8. BRiT

    BRiT Verified (╯°□°)╯
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    This is the AMD Navi thread. If you want to talk about stuff that isn't Navi, do it somewhere else.
     
  9. CarstenS

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    Accepted. But honestly, it's nothing less that can be expected after the two datapoints I provided (timespan, mfg. tech). If it's anything less than that on a „Big Navi“ (i.e. a meaningfully more sizeable chip than Navi 10, like 450-550 mm², not a 320 mm² half-bred).
     
  10. ToTTenTranz

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    It was.. up until 2016 where a GTX1080 was consuming little more power than a RX480, effectively putting two cards from very different market segments with a similar TDP, and then cards within the same market segment with very different TDPs (e.g. Vega 64 vs. GTX 1080).
    And that was the case for 3 years, until Navi 10 released last year.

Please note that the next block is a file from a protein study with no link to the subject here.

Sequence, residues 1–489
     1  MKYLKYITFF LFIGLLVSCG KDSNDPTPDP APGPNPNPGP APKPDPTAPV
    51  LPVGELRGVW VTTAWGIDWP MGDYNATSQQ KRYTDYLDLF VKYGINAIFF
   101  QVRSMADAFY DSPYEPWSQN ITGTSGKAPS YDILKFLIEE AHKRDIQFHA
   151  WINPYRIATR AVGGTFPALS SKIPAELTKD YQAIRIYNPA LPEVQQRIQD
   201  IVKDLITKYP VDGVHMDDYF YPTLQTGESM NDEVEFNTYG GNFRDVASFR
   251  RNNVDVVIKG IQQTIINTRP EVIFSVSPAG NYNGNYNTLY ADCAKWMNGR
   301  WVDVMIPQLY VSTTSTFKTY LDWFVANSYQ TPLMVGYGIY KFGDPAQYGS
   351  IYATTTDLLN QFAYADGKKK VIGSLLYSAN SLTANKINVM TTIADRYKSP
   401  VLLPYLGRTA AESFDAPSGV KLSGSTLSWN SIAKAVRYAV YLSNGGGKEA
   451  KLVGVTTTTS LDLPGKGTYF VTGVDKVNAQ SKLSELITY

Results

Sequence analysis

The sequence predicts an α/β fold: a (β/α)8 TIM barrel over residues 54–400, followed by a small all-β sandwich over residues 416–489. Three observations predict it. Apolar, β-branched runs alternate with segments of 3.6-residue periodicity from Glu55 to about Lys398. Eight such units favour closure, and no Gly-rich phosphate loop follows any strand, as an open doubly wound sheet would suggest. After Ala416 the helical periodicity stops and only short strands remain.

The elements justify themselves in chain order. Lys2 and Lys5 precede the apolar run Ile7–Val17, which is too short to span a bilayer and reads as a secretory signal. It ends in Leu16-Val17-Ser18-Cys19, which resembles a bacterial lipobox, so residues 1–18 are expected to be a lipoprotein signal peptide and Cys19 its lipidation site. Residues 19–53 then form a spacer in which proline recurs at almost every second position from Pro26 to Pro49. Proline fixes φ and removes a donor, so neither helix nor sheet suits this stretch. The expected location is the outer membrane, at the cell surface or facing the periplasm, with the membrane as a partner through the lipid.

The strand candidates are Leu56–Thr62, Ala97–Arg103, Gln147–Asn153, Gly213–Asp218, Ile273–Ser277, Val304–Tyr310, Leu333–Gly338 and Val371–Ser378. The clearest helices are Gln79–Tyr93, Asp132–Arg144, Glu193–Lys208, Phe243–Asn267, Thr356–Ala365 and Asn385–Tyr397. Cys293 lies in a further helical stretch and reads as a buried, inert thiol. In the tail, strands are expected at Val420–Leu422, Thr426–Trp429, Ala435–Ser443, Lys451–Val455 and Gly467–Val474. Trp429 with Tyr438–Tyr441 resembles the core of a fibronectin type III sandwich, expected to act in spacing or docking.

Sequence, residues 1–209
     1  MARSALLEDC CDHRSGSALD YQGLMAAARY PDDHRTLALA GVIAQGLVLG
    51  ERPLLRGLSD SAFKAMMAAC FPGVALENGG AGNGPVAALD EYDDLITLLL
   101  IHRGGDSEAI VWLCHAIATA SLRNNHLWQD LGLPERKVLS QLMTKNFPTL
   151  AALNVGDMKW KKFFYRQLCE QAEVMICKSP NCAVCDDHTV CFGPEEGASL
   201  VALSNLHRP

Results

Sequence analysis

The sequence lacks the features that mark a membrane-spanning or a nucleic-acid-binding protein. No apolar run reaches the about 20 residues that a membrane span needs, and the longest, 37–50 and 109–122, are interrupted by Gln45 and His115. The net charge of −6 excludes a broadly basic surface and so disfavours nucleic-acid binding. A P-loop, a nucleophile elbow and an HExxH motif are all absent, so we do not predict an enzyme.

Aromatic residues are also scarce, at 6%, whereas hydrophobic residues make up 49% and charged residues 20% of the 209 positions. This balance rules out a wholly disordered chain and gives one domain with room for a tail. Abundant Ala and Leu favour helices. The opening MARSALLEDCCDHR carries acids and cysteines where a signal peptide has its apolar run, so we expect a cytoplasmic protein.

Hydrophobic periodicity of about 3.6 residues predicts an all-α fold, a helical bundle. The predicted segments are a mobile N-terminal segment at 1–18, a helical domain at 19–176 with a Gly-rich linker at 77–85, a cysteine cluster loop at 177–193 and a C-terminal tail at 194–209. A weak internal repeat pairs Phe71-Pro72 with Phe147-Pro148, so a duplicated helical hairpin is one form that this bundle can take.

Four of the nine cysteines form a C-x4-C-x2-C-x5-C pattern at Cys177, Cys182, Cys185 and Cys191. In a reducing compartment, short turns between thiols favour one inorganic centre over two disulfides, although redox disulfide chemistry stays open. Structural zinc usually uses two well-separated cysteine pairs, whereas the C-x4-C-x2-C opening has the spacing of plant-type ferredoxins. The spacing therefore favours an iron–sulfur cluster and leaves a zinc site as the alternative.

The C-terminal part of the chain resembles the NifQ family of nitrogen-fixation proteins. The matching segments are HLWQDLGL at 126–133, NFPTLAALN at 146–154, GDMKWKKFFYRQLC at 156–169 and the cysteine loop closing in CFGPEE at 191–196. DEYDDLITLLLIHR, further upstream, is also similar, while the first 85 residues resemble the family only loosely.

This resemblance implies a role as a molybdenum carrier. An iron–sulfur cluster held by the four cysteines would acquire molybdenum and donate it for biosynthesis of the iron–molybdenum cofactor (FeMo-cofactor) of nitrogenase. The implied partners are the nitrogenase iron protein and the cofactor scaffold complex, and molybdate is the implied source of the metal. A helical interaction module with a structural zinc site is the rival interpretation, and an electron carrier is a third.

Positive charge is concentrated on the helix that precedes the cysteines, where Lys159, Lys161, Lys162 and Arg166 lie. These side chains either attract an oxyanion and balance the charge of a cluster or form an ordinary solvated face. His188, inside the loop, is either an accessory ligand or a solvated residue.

I think @Kaotik 's point is that Vega 64 was the Vega 10 high-end card that sacrifices power efficiency to maximize performance whereas Vega 56 is the cut-down version that clocks closer to the ideal power efficiency curves.
    The 5700XT is the Navi 10 high-end card that sacrifices power efficiency to maximize performance whereas 5700 is the cut-down version that clocks closer to the ideal power efficiency curves.
    This is further proved by their respective price ranges by the time Navi 10 released.



    I think it depends on how high they can clock the new chips (which should clock pretty high, given the PS5's example) without hitting a power wall.
    I'm guessing a 30 WGP / 60CU part with a 320bit bus using 16Gbps GDDR6 (640GB/s?) with clocks averaging at 2.3GHz would already put pressure on the 2080 Ti's performance bracket, and it wouldn't require a 450mm^2 chip. It would actually be smaller than 350mm^2, considering how big the SeriesX's APU is.